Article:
Drawing on this film and others by Truffaut, Robert Stam provides the first in-depth examination of the multifaceted relationship between Truffaut and Roché. In the process, he provides a unique lens through which to understand how adaptation works from history to novel, and ultimately to film and how each form of expression is inflected by the period in which it is created. Truffaut's adaptation of Roché's work, Stam suggests, demonstrates how reworkings can be much more than simply copies of their originals; rather, they can become an immensely creative enterprise a form of writing in itself.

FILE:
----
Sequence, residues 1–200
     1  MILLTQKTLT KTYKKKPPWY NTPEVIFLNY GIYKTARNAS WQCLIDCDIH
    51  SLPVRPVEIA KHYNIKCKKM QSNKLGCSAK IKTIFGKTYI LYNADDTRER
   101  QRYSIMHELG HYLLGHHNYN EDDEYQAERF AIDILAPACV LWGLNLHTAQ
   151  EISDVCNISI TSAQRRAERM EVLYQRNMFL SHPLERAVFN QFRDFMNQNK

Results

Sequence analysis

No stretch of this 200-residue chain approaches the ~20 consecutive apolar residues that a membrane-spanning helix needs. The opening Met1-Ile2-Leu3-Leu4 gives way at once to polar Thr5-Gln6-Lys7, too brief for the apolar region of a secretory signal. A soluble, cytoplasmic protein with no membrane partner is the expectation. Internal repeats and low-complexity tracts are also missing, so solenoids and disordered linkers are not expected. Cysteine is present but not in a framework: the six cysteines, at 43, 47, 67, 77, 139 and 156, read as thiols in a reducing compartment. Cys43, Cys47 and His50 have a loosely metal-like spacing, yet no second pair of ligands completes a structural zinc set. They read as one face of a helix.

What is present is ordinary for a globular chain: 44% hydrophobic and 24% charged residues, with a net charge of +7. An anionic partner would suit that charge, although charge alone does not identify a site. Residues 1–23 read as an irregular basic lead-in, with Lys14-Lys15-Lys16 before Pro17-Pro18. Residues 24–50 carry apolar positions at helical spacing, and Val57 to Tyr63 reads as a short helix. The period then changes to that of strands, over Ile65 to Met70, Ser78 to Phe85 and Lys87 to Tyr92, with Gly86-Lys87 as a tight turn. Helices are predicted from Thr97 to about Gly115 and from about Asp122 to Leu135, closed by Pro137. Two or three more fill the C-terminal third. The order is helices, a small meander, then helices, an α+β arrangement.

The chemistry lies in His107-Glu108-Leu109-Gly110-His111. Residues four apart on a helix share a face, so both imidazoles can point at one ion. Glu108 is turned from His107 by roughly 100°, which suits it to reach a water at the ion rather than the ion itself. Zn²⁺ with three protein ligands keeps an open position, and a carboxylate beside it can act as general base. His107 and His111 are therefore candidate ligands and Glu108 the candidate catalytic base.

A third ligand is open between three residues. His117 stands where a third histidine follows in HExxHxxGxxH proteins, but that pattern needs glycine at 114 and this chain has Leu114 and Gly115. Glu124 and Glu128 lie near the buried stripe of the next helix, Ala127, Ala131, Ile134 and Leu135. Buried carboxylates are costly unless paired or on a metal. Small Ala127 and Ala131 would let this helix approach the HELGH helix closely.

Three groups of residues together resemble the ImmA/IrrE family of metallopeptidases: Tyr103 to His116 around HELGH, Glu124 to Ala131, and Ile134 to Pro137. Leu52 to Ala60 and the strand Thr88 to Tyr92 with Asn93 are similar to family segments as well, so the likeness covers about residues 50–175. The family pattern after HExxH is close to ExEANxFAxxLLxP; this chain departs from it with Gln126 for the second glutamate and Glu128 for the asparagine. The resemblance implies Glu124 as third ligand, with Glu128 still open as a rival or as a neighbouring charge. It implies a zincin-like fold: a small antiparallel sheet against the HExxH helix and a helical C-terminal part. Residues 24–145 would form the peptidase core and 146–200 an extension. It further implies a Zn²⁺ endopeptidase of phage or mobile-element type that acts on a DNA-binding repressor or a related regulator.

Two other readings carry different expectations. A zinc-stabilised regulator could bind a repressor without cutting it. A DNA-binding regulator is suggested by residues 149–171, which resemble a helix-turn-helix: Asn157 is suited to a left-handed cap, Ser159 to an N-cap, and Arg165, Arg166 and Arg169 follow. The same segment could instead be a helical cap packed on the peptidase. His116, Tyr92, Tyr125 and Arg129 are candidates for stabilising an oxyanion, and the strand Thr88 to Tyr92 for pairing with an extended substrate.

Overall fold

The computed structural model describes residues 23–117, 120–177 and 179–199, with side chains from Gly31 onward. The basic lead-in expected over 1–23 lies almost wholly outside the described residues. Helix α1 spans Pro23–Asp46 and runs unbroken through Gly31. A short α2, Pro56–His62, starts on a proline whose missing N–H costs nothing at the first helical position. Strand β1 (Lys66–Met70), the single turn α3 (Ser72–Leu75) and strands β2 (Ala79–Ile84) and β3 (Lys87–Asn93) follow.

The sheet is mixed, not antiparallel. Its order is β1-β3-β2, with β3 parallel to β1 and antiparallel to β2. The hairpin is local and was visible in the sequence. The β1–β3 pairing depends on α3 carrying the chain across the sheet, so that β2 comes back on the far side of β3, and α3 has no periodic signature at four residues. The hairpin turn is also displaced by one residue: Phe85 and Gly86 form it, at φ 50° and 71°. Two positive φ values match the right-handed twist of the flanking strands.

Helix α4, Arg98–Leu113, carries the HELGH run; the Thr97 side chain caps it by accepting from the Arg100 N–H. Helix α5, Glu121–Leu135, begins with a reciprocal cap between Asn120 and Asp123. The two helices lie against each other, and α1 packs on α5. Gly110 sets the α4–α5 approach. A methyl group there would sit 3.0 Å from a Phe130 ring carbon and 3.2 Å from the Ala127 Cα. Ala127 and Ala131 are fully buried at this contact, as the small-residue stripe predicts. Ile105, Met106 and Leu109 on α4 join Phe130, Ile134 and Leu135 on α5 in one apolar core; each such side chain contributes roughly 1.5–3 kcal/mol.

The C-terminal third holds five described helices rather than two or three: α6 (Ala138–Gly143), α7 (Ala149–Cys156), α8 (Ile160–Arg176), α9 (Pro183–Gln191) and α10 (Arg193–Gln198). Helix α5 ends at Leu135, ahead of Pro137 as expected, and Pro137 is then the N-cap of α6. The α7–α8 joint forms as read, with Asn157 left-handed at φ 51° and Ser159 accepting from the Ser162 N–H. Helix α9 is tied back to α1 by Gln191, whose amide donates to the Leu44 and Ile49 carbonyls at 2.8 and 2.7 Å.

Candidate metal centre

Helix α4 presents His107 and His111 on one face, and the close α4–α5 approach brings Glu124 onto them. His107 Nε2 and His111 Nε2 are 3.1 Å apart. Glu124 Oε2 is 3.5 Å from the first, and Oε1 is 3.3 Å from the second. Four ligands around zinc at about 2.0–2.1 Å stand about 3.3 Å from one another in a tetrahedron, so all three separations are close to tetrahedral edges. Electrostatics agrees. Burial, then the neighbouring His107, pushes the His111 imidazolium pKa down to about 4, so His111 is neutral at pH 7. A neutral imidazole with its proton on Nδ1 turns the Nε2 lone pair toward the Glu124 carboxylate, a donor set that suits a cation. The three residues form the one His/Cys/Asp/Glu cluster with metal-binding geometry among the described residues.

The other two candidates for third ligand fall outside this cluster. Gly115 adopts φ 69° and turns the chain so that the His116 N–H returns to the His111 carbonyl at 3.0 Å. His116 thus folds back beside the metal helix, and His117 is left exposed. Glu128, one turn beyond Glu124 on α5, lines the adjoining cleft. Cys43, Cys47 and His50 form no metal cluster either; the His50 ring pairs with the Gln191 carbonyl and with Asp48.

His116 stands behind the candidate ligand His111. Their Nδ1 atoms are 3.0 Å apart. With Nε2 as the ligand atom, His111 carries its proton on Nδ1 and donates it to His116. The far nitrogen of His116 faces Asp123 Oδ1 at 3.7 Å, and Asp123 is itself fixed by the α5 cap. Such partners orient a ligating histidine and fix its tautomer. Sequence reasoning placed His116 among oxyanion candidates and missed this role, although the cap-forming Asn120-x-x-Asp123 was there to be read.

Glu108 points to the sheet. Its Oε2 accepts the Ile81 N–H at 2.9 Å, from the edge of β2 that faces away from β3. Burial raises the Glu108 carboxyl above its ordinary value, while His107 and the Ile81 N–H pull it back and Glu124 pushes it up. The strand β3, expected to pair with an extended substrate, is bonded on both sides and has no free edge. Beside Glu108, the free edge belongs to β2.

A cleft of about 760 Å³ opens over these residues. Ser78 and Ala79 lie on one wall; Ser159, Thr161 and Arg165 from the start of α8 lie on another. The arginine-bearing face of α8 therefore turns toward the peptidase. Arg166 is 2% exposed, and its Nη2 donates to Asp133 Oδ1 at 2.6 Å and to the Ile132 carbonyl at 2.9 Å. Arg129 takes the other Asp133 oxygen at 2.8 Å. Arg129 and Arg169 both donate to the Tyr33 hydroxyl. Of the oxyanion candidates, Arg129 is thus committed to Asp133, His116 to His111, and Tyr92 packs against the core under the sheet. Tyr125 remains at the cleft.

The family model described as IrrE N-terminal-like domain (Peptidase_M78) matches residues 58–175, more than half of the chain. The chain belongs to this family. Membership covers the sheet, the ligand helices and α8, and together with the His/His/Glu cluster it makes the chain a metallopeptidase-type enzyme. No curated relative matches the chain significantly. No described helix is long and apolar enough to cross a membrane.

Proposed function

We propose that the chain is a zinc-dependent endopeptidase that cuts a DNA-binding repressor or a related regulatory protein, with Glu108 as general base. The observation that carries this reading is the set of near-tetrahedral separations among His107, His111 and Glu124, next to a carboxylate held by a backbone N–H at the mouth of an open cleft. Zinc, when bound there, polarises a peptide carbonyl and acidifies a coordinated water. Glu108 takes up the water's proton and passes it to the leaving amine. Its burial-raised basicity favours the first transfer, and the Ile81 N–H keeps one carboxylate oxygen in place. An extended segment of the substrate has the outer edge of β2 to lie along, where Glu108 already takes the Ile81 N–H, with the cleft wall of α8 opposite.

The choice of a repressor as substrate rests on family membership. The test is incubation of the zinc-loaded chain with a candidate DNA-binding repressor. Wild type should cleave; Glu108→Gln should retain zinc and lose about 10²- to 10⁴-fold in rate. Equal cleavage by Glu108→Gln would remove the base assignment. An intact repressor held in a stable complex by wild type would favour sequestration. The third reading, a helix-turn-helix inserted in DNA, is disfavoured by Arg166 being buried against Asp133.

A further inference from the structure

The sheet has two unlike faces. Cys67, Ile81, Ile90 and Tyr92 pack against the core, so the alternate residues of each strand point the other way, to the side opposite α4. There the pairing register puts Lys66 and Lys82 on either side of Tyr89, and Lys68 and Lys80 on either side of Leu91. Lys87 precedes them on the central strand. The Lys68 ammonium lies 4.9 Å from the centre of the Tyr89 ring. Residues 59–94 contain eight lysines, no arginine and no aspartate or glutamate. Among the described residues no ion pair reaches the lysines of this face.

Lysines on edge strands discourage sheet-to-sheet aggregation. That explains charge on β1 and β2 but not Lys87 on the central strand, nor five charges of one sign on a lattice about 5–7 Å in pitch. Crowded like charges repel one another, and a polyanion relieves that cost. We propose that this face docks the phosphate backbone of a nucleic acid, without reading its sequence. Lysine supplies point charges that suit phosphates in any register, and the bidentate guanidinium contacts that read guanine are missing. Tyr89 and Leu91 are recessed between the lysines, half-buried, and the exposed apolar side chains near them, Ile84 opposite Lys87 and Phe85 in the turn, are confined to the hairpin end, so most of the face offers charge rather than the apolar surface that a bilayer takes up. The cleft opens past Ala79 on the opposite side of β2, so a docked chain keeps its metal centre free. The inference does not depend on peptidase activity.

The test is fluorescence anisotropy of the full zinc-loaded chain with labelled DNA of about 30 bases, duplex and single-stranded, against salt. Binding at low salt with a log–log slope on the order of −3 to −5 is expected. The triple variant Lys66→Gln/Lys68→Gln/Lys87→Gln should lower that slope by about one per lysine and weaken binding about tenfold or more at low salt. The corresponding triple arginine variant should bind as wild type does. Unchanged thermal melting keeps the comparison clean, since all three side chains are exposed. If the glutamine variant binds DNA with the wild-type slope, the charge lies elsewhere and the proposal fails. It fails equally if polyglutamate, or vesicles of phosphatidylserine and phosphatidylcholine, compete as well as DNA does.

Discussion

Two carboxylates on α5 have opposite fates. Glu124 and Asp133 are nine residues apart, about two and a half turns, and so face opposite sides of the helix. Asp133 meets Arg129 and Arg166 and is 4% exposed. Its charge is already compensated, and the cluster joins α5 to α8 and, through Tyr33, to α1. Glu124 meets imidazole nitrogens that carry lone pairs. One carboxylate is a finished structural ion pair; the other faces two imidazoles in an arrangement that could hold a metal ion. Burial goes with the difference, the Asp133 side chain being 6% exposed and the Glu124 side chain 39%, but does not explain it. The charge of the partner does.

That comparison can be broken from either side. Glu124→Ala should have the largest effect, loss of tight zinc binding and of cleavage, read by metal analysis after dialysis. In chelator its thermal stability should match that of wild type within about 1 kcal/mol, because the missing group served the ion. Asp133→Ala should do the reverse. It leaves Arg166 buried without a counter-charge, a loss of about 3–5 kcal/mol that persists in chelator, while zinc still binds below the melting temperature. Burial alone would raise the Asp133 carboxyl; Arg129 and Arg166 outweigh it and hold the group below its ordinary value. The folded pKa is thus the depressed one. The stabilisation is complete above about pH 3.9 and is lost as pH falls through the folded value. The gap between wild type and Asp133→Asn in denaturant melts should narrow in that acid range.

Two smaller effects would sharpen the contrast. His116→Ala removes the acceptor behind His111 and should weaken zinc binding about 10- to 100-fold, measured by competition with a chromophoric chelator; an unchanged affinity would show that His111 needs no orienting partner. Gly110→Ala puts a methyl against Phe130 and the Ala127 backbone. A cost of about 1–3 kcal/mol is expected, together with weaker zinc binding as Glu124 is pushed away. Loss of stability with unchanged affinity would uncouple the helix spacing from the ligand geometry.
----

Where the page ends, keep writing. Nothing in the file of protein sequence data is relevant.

The book also moves beyond Truffaut's film and the ménage à trois involving Roché, Hessel, and Grund to explore the intertwined lives and work of other famous artists and intellectuals, including Marcel Duchamp, Walter Benjamin, and Charlotte Wolff. Tracing the tangled webs that linked these individuals' lives, Stam opens the door to an erotic/writerly territory where the complex interplay of various artistic sensibilities all mulling over the same nucleus of feelings and events vividly comes alive.